Adele in Sand Land
By Claude Ponti
When I was a kid, my mother used to buy me a lot of books at garage sales. Many of them dated back to the period 1900-1940 and had a crazy, old-fashioned, almost scary look to them. I loved them—they were so far from the sanitized sweetness of the Bobbsey Twins and the Scholastic Book Club books I was reading—and later on I saw echoes of them in underground comics. (I can’t remember too many of the titles now, but Johnny Gruelle’s Raggedy Ann books come close.)
Claude Ponti’s Adele in Sand Land starts off as a fairly ordinary picture book—Adele and her mother go to the park, ho hum—but within a few pages it slides off into a surrealistic adventure that’s only barely tethered to reality. Adele packs some sand into a bucket, turns it over, and the packed sand sprouts a bulbous nose and a few sprigs of hair and comes alive. As this happens, the park bench that Adele’s mother is sitting on tilts and moves up off the ground, her doll comes to life, and a face appears in a tree. Then the rest of the trees turn to birds… and so it goes. There’s no real plot to this story, just a series of short visits to stranger and stranger lands. Adele and her friends are swallowed by a Sand Dragon, locked in a Cage Bird, visit a Dessert Island, and fly off in a giant nose.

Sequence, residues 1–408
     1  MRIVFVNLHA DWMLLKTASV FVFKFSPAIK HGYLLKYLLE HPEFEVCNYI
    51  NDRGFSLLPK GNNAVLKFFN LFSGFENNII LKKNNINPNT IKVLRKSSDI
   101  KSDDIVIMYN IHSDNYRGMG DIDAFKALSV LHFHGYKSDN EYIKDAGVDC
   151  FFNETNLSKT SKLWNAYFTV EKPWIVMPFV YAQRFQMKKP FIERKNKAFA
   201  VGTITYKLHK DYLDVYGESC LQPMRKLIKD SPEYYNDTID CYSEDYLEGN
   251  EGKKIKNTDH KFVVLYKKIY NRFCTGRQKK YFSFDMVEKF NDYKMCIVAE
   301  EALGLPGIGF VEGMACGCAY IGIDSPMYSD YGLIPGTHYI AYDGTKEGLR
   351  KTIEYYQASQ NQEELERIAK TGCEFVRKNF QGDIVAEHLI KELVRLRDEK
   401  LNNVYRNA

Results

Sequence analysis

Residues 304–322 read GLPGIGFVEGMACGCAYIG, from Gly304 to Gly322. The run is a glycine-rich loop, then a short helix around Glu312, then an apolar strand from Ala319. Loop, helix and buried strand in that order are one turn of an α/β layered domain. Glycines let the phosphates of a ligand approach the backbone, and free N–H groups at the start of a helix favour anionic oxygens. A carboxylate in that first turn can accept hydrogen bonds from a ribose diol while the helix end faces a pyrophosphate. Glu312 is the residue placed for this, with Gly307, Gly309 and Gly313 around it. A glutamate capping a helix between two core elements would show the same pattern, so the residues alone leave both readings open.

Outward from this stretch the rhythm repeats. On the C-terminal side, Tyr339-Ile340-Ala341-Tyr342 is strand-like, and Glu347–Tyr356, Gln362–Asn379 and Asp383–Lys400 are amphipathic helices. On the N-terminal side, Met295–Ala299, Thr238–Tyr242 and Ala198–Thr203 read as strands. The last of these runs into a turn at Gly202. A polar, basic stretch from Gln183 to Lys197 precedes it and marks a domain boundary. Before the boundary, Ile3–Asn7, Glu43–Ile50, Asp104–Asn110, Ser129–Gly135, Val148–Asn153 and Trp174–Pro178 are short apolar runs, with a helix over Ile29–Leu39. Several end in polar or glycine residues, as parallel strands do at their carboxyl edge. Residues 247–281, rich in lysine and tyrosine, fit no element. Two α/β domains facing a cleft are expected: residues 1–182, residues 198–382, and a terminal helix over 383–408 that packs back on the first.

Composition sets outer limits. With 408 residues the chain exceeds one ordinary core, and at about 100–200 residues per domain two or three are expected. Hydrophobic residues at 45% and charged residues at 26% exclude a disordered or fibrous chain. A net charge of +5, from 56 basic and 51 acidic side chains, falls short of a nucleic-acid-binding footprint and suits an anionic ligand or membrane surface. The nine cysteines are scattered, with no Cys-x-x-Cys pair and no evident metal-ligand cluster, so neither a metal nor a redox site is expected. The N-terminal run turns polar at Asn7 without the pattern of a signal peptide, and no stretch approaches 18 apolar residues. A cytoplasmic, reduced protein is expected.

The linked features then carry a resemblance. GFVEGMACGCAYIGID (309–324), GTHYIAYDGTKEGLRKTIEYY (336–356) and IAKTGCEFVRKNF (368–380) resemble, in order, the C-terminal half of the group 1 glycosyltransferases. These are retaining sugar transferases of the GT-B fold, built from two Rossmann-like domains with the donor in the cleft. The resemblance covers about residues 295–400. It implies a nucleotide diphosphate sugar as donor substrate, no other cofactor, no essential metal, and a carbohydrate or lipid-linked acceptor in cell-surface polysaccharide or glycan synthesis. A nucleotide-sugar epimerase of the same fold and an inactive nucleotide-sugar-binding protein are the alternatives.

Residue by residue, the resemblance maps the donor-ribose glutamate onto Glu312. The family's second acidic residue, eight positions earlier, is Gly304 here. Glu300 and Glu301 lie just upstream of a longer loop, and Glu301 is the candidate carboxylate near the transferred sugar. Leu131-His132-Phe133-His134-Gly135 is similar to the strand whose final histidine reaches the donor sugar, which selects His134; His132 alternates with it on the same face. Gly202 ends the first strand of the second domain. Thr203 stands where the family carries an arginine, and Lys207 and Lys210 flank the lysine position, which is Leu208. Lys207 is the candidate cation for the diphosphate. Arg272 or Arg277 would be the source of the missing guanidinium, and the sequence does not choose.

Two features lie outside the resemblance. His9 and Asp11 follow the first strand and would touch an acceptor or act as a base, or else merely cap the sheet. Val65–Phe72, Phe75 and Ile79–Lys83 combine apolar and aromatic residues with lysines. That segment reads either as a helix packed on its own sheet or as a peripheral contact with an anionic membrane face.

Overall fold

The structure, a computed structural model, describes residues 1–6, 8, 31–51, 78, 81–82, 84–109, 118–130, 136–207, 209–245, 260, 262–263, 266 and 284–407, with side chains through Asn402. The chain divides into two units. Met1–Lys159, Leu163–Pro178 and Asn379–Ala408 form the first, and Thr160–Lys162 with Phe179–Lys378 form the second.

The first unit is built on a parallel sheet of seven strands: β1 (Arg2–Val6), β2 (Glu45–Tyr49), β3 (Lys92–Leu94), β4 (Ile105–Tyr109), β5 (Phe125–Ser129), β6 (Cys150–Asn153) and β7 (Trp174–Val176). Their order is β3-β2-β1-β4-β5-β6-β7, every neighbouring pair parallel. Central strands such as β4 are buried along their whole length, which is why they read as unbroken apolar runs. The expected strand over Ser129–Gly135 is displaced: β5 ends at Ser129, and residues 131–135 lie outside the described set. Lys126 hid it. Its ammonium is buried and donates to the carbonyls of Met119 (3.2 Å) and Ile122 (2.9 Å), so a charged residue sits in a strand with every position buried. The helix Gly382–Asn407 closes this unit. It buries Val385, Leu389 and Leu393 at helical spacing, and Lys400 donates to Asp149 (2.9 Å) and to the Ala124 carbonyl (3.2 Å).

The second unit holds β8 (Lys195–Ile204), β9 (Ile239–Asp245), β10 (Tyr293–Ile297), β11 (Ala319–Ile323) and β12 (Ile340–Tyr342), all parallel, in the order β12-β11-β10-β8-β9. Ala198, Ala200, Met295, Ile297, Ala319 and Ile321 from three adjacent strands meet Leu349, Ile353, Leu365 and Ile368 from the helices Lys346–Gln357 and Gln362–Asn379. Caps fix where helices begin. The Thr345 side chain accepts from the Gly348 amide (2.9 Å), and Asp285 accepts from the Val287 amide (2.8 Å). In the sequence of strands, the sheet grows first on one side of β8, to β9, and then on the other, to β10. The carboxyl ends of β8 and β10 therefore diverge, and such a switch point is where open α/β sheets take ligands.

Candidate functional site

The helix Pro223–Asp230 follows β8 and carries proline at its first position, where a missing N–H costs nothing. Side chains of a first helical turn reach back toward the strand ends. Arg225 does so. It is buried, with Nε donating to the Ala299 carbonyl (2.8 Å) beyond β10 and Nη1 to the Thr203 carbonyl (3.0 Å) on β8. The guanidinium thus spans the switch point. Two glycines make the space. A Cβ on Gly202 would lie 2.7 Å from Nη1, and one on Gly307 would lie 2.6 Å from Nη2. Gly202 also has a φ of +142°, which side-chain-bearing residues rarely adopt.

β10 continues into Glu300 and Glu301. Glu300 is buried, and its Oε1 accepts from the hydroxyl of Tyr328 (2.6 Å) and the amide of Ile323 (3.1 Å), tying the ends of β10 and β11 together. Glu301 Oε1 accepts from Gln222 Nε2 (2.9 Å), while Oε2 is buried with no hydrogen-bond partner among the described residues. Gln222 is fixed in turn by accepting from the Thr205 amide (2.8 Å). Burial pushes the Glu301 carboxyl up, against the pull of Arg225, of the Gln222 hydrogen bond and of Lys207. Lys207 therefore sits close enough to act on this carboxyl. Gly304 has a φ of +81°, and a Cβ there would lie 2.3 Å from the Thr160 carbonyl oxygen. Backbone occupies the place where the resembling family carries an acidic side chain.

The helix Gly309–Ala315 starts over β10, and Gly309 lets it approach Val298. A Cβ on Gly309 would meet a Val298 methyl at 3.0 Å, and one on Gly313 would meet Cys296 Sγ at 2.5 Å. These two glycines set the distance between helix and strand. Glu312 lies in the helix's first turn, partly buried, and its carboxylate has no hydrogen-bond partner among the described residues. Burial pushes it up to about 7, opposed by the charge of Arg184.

Every two-page spread in this book is a gem. Ponti’s art has a dreamlike quality to it, as the objects in his drawings are continuously transforming in ways that are weird but make visual sense: Ice cubes turn into ice cream bars, which turn into giant erasers; irregularities in a tree’s foliage turns into a face. At the same time, his crisp line and detailed drawings keep everything grounded in a believable pseudo-reality. The march of vertical panels across the page, and the way that images change from one panel to the next, is reminiscent of the classic comic Little Nemo in Slumberland.
If Adele has another counterpart in children’s comics right now, it would be Luke Pearson’s Hilda, who similarly lives in a world in which everyday reality and magical elements interweave. Hilda is a more active protagonist—she propels the action, while Adele is more of an observer—but Ponti’s imaginative story has a sense of motion of its own, as Adele and her friends slip seamlessly from one strange world to the next. The images are filled with details, making this a great book for an adult and child to read together, pointing things out as they go, or alone, all the better to pore over the pages and take in every detail.